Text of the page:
Reactive power services

Reactive power services are how we make sure voltage levels on the system remain within a given range, above or below nominal voltage levels. We instruct generators or other asset owners to either absorb or generate reactive power. Managing voltage levels comes from maintaining a balance between elements on the system, which either absorb reactive power (decreasing voltage) or generate reactive power (increasing voltage).

We use the services set out below to manage voltage levels:

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Obligatory reactive power service (ORPS)

Provision of varying reactive power output. At any given output generators may be requested to produce or absorb reactive power to help manage system voltages.

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Enhanced reactive power service (ERPS)

Provision of voltage support that exceeds the minimum technical requirement of the obligatory reactive power service (ORPS).

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14 October 2019 - We invite transmission or distribution connected providers to tender for the provision of a Reactive Power Service in the Mersey region from April 2020 - March 2021. The Invitation to Tender, information pack and associated documents can be found here. Tenders must be submitted by 17:00 on Friday 8th November 2019.

16 April 2019 - We have also published a Request for Information for the provision of long-term reactive power service in Mersey starting from 2021/22. The deadline for submissions is 24th May. More context on this RFI can be found on our Network Development Roadmap page.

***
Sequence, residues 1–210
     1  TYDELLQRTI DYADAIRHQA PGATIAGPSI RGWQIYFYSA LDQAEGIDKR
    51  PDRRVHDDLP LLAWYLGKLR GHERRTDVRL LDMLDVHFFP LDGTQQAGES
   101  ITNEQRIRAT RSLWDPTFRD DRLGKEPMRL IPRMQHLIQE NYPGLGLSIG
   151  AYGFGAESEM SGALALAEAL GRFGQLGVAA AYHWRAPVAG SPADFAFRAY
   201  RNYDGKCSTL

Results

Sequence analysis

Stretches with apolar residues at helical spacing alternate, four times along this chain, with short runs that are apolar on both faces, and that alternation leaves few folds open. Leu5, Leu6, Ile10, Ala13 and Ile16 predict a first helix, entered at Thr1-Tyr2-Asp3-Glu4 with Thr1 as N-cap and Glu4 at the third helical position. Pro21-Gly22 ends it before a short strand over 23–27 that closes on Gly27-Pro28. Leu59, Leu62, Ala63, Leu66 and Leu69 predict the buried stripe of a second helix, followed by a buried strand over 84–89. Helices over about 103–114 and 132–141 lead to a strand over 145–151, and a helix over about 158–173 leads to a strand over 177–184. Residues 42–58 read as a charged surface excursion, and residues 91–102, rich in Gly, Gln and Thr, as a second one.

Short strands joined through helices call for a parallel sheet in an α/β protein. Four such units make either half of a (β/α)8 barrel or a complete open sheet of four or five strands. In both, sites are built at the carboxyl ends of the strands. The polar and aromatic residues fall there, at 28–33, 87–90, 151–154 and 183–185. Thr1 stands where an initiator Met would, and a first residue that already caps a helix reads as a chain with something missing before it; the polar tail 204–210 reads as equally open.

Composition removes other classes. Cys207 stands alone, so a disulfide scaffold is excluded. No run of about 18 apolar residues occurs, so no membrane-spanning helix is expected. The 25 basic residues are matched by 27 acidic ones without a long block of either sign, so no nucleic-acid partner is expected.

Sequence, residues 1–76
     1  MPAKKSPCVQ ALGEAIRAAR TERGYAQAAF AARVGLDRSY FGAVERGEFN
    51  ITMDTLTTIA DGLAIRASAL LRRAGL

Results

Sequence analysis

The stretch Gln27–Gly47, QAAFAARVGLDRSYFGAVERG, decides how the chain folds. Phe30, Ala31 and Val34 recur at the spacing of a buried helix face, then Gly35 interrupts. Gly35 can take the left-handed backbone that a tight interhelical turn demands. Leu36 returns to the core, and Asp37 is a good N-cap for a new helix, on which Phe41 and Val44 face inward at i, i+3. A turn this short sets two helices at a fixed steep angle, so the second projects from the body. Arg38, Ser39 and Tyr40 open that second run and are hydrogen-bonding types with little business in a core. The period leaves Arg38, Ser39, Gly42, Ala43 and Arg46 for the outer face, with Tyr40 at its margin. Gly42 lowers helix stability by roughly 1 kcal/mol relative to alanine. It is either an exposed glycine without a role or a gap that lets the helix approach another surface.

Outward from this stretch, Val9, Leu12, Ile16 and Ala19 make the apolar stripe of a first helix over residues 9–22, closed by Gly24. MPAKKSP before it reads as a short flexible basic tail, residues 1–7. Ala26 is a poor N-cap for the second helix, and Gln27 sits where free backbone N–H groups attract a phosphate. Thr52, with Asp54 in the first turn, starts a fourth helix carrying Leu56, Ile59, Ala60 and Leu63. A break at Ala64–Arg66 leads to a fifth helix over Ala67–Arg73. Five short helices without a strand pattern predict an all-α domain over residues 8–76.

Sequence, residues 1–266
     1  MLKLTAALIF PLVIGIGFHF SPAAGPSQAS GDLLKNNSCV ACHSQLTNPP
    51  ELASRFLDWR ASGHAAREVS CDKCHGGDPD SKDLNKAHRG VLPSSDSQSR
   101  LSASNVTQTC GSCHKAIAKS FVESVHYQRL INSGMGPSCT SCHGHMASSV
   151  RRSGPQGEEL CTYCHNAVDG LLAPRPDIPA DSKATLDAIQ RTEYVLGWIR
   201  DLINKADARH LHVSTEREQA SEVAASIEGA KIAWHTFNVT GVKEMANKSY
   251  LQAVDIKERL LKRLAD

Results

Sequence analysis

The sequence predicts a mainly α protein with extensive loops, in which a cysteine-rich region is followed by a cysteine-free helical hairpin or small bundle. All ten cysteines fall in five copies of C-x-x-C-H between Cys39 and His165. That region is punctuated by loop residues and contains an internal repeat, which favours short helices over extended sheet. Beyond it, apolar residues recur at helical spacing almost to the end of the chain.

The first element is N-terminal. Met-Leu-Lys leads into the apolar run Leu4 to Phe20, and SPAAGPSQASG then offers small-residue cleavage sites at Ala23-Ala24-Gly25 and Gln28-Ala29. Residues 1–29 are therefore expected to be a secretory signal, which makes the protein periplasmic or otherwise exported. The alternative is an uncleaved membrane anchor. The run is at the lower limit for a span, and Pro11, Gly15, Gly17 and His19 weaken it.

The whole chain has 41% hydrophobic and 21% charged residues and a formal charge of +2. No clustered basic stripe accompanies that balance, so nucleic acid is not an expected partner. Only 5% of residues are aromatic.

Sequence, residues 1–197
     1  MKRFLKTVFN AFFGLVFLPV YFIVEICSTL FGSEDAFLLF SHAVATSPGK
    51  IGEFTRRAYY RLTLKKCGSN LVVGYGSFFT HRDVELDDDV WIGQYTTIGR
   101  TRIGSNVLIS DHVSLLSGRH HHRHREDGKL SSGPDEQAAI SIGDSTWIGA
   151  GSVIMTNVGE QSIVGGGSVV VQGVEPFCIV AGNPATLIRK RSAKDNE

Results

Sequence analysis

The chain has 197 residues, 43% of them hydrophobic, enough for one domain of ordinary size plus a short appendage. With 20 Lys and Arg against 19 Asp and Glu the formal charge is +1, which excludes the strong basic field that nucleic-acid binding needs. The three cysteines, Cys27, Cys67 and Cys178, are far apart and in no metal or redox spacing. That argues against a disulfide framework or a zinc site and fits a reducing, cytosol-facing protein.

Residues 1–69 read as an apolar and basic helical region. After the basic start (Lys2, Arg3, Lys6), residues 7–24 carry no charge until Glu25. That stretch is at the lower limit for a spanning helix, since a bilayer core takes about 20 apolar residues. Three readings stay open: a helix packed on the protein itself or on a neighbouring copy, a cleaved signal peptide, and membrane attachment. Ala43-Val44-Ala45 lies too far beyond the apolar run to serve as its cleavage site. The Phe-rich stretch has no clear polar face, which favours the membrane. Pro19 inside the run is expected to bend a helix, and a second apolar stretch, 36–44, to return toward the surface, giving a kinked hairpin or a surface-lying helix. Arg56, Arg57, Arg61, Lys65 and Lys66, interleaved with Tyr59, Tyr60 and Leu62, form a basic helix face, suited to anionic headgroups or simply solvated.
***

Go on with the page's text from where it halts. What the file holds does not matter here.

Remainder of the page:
March 2019 - Long Term Reactive Power Needs out to 2031.
We are currently undertaking pathfinding projects looking at how we can tender for commercial solutions to future reactive power needs alongside considering asset options.
Find out more here

Reactive power describes the background energy movement in an alternating current (AC) system arising from the production of electric and magnetic fields. Devices that store energy through a magnetic field produced by a flow of current are said to absorb reactive power; those that store energy through electric fields are said to generate reactive power.

The flows of reactive power on the system will affect voltage levels. Unlike system frequency, which is consistent across the network, voltages experienced at points across the system form a 'voltage profile', which is uniquely related to the prevailing real and reactive power supply and demand. We must manage voltage levels on a local level to meet the varying needs of the system.

Without the appropriate injections of reactive power at the right locations, the voltage profile of the transmission system will exceed statutory planning and operational limits.